One-third of all food that is produced for our consumption in the U.S. ends up rotting in landfills, resulting in 16 percent of our nation’s methane emissions. All the while, 49 million Americans don’t have access to enough food. In economic terms, a recent report from ReFED estimates that the United States spends over $218 billion—1.3 percent of GDP—growing, processing, transporting, and disposing of food that is never eaten. The impact on the planet is equally profound. In the U.S., getting food from the farm to our tables eats up 10 percent of the total energy budget, uses 50 percent of the land, and accounts for 80 percent of all freshwater consumed.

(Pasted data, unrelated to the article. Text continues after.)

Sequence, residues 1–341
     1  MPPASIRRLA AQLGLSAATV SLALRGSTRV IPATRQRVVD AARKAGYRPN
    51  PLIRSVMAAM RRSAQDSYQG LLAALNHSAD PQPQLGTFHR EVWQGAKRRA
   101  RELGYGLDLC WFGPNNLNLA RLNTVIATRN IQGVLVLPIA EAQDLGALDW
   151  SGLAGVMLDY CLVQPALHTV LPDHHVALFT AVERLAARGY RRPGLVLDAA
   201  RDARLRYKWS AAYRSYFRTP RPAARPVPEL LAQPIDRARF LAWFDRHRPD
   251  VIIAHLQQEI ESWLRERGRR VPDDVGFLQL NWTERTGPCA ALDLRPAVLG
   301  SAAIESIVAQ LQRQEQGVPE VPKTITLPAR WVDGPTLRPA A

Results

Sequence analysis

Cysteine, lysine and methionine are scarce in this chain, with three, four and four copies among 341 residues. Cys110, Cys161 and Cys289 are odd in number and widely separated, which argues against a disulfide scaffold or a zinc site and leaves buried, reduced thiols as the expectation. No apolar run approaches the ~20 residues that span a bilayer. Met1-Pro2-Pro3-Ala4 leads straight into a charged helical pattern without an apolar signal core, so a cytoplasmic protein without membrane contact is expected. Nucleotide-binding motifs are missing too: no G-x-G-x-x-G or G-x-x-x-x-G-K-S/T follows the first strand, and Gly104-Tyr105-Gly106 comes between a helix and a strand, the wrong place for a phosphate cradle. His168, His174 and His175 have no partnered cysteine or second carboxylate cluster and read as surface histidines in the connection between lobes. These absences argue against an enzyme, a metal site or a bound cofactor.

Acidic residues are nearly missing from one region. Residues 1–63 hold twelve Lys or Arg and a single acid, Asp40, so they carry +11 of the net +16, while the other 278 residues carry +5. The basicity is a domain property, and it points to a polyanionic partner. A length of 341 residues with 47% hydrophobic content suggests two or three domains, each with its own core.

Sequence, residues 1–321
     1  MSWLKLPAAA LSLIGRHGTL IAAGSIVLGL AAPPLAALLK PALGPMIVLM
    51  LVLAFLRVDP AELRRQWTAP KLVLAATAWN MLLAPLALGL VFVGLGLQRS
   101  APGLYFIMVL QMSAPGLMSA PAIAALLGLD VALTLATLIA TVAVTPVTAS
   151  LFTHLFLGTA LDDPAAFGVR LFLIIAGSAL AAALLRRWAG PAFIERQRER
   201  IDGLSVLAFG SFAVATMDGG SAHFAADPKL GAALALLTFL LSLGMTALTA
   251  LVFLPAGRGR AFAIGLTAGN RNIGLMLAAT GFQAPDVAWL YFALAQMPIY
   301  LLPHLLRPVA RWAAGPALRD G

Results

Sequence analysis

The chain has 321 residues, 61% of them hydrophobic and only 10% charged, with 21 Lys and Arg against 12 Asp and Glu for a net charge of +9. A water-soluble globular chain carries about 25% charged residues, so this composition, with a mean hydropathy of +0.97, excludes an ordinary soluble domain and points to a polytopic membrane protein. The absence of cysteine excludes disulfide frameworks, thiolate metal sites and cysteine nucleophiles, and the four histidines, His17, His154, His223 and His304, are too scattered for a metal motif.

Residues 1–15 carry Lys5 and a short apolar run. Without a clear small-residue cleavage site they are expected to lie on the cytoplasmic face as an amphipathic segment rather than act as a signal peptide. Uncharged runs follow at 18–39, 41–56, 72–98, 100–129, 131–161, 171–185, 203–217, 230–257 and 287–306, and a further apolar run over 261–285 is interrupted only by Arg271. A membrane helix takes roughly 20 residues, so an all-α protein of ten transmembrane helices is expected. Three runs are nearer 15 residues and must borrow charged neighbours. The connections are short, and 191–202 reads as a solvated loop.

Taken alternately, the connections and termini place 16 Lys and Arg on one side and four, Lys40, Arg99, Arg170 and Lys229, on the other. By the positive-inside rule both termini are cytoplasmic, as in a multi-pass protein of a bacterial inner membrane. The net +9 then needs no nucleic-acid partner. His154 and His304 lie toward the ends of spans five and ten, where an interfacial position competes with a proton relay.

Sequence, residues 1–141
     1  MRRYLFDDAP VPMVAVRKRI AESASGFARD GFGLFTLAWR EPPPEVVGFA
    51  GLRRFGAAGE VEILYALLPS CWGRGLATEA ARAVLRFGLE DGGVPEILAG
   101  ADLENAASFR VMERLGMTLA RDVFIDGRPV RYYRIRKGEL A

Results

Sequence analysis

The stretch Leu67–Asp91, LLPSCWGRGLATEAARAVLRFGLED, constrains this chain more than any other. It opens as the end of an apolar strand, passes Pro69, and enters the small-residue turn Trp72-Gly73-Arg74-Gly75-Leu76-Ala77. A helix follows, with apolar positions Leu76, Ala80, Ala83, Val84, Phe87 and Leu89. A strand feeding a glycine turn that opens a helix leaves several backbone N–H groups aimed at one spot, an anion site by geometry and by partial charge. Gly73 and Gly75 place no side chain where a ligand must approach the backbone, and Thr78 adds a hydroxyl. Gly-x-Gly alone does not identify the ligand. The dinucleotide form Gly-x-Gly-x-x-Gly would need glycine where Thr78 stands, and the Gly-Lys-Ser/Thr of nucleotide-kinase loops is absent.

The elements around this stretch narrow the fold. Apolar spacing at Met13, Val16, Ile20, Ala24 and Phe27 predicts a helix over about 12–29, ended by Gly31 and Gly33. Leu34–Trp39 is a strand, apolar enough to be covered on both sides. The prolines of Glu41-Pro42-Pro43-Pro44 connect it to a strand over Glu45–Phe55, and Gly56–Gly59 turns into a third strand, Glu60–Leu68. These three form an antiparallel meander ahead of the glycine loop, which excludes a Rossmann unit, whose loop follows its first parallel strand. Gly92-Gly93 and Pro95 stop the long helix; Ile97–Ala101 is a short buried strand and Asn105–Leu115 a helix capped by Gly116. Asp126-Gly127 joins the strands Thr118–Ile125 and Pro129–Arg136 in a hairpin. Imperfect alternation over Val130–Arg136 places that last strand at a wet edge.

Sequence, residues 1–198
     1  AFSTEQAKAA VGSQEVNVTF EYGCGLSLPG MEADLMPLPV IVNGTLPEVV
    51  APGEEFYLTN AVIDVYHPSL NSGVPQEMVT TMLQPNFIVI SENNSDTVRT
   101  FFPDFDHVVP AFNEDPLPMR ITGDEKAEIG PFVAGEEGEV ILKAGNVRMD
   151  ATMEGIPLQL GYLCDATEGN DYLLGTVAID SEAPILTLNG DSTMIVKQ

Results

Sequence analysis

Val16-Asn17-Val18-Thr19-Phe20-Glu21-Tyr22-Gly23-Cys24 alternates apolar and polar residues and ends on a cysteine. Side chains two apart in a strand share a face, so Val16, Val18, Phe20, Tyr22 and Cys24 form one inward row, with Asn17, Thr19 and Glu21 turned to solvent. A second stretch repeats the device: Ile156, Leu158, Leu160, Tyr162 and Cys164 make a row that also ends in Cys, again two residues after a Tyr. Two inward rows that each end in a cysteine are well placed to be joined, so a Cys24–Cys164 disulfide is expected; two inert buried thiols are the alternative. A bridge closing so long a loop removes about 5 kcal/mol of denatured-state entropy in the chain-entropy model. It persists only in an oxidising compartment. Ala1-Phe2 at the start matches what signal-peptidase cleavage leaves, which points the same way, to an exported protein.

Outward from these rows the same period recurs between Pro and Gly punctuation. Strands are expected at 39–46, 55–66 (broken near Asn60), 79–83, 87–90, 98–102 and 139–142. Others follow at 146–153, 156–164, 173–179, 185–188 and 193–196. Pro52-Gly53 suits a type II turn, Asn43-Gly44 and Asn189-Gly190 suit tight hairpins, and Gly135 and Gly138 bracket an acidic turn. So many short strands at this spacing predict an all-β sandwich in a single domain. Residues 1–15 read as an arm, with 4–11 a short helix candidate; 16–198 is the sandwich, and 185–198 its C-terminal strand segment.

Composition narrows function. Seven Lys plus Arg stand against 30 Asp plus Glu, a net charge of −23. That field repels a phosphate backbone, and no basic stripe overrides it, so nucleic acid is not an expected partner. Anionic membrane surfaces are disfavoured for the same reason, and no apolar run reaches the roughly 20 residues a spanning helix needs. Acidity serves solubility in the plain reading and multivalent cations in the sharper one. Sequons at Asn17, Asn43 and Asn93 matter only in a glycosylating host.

Food waste is a global issue, but it is also deeply personal. Most food waste occurs before it even hits our plate. It happens at lunchtime when you throw out the homemade salad that is less appealing once your team orders pizza. It happens in cafeterias, where a surplus of meals don’t always have a place to go at the end of the night. It happens in the kitchen during the cooking process, when we throw out the stems of our broccoli.
Now is the time to question what we see as normal practices when it comes to food procurement, preparation, and consumption. Businesses and their employees are in a prime position to change the tide. Companies can spread awareness to their employees about food waste, both at home and at the office, and give them tools and advice as to how to reduce their own waste and engage in food waste reduction practices.